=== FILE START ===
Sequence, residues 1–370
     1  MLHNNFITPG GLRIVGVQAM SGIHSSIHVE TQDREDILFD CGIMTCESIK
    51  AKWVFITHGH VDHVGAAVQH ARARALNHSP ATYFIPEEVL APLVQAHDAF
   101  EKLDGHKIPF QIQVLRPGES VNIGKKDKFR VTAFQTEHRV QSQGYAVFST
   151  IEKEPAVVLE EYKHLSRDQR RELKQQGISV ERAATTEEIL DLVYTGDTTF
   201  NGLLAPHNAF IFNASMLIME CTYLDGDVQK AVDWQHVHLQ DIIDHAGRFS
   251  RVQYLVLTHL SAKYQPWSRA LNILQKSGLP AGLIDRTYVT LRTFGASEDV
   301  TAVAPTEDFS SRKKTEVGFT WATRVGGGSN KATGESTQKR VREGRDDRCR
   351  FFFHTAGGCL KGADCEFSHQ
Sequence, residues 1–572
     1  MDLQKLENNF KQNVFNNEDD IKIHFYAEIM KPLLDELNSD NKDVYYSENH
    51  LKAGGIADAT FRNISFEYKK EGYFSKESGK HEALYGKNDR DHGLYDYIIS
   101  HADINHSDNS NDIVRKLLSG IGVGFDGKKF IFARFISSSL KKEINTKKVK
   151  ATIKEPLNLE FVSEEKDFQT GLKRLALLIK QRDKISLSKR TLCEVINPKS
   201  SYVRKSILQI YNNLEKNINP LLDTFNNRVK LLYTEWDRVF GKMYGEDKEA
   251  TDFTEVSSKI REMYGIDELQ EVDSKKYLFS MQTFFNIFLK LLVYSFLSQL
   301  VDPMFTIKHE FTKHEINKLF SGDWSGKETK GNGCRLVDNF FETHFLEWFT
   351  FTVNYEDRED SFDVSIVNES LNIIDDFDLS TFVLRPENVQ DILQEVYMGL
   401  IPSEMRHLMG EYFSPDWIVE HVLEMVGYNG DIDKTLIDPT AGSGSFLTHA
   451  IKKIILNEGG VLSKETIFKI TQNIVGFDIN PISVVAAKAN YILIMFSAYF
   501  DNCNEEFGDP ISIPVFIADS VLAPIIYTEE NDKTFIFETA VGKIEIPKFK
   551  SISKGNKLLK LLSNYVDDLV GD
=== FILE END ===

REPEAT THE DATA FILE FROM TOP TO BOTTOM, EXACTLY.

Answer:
Sequence, residues 1–370
     1  MLHNNFITPG GLRIVGVQAM SGIHSSIHVE TQDREDILFD CGIMTCESIK
    51  AKWVFITHGH VDHVGAAVQH ARARALNHSP ATYFIPEEVL APLVQAHDAF
   101  EKLDGHKIPF QIQVLRPGES VNIGKKDKFR VTAFQTEHRV QSQGYAVFST
   151  IEKEPAVVLE EYKHLSRDQR RELKQQGISV ERAATTEEIL DLVYTGDTTF
   201  NGLLAPHNAF IFNASMLIME CTYLDGDVQK AVDWQHVHLQ DIIDHAGRFS
   251  RVQYLVLTHL SAKYQPWSRA LNILQKSGLP AGLIDRTYVT LRTFGASEDV
   301  TAVAPTEDFS SRKKTEVGFT WATRVGGGSN KATGESTQKR VREGRDDRCR
   351  FFFHTAGGCL KGADCEFSHQ
Sequence, residues 1–572
     1  MDLQKLENNF KQNVFNNEDD IKIHFYAEIM KPLLDELNSD NKDVYYSENH
    51  LKAGGIADAT FRNISFEYKK EGYFSKESGK HEALYGKNDR DHGLYDYIIS
   101  HADINHSDNS NDIVRKLLSG IGVGFDGKKF IFARFISSSL KKEINTKKVK
   151  ATIKEPLNLE FVSEEKDFQT GLKRLALLIK QRDKISLSKR TLCEVINPKS
   201  SYVRKSILQI YNNLEKNINP LLDTFNNRVK LLYTEWDRVF GKMYGEDKEA
   251  TDFTEVSSKI REMYGIDELQ EVDSKKYLFS MQTFFNIFLK LLVYSFLSQL
   301  VDPMFTIKHE FTKHEINKLF SGDWSGKETK GNGCRLVDNF FETHFLEWFT
   351  FTVNYEDRED SFDVSIVNES LNIIDDFDLS TFVLRPENVQ DILQEVYMGL
   401  IPSEMRHLMG EYFSPDWIVE HVLEMVGYNG DIDKTLIDPT AGSGSFLTHA
   451  IKKIILNEGG VLSKETIFKI TQNIVGFDIN PISVVAAKAN YILIMFSAYF
   501  DNCNEEFGDP ISIPVFIADS VLAPIIYTEE NDKTFIFETA VGKIEIPKFK
   551  SISKGNKLLK LLSNYVDDLV GD